And what exactly are these citizens being attacked for? It seems beyond dispute that the production of child pornography is far, far more destructive and culpable behavior than downloading, uploading, or carrying it across state lines in a computer. But our entire enforcement regime against child porn seems focused on this lesser conduct -- going after the perverts for whom the Internet has opened up a terrible opportunity to indulge their deviant fantasies, but who would likely (in my opinion) never harm an actual child. In my opinion, this lesser conduct should not be illegal, given the invasions of privacy and thought policing it invites. But if it is going to be illegal, the punishments should be far, far lower than they are. Viewing pictures of the molesting of a child is not laudable behavior; but it is utterly distinct from actually molesting a child. Our law bizarrely treats them as virtually identical acts.
Saturday, March 12, 2011
The Supreme Court denied certiorari today in Stayart's appeal of the case against Google.
UPDATE -- 3/12/2011
Stayart's suits against Google and Yahoo were dismissed (for failure to state a claim and, in Yahoo's case, lack of jurisdiction as well) on March 8th. Here is the order in the Yahoo case.
ORIGINAL POST -- 10/1/2010
Today the Seventh Circuit Court of Appeals affirmed the dismissal of a somewhat quixotic Lanham Act claim by a woman named Beverly "Bev" Stayart. From the opinion:
Like many, Beverly Stayart was curious about what she would find when she put her name into a search engine. In this case it was Yahoo. To her dismay, the comprehensive search results eventually contained links to websites and advertisements that she found shameful. She then sued Yahoo and the other defendants alleging trademark infringement and a host of state law claims. The district court dismissed her complaint, finding she lacked standing under the Lanham Act to sue for trademark infringement. She appeals, and because we agree that Stayart lacks standing under the Lanham Act, we affirm.Some interesting factoids after the jump.
Friday, March 11, 2011
You were working in a position of authority and respect, and here you are not on the right side of the book but in the defendant's seat. ... A criminal,. . . You lost your job, your wife, your assets, your reputation, and your freedom. For what? To view images of children being sexually assaulted and abused. Images that are sickening and sad.But the comment by Peter C. Lometevas caught my attention. According to his website, Mr. Lometevas is an attorney in New York specializing in criminal defense and family law matters. Mr. Lomtevas comments that he has represented men in what he calls “guilt by computer cases.” According to Mr. Lomtevas,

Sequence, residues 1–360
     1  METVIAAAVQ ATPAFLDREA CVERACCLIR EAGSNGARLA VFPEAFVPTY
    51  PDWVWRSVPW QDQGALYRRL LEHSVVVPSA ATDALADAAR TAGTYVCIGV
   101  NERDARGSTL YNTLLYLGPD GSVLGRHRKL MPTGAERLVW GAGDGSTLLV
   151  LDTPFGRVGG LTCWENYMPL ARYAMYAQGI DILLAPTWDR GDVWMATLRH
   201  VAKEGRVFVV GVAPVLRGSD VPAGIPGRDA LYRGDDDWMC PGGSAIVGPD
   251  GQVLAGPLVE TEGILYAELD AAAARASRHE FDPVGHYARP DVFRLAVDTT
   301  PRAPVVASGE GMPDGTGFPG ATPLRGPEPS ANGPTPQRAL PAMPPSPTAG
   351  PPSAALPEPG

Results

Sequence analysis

Mr. Lometevas goes on to say, "Divorcing couples know this and now child porn appears on a prosecutor’s computer. An over zealous judge who knows nothing about how the internet operates craps all over the man.”
The common thread in them is a wife who wants to isolate children from the man. Family members obtain the computer and find child pornography on them. These searches are valuable because there is a federal law prohibiting possession of child porn so it pays to find – perhaps even plant – this stuff on a man’s computer.
A disgruntled wife planting child porn on a prosecuting attorney’s computer as part of divorce strategy would be a horrific act. However the issue I have with Mr. Lometevas's comment is that it no one involved in the case seems to think that is the defendant's wife planted the evidence.
First, as this story makes clear, the child pornography was not discovered as a result of a search by anyone in the attorney’s family. Instead, Yahoo! reported finding child pornography in photos of an account holder later identified as the attorney’s wife. The article further explains, “The Yahoo! reports were made to the National Center for Missing and Exploited Children in Alexandria, Va., an organization that works with local, state and federal investigators.” So, no family members made the report and the account holder was not the defendant (as one might expect if it were planted) but the defendant’s wife.
Still, given that it was in the wife’s account, we can assume the defense was that the wife planted the photos, right? Wrong. As the Kennebec Journal reports, the defense argued that “someone from outside his family's home in Hallowell might have been responsible for the explicit images found on their four computers, or that the images had been downloaded by his 12-year-old autistic son.” So while the defense was willing to blame strangers or a handicapped boy, it was not willing to blame the wife. Moreover, as this article notes, the attorney's (now ex)wife agreed to be responsible for him while he was on bail. Hardly the actions of someone wishing to isolate the defendant from his children.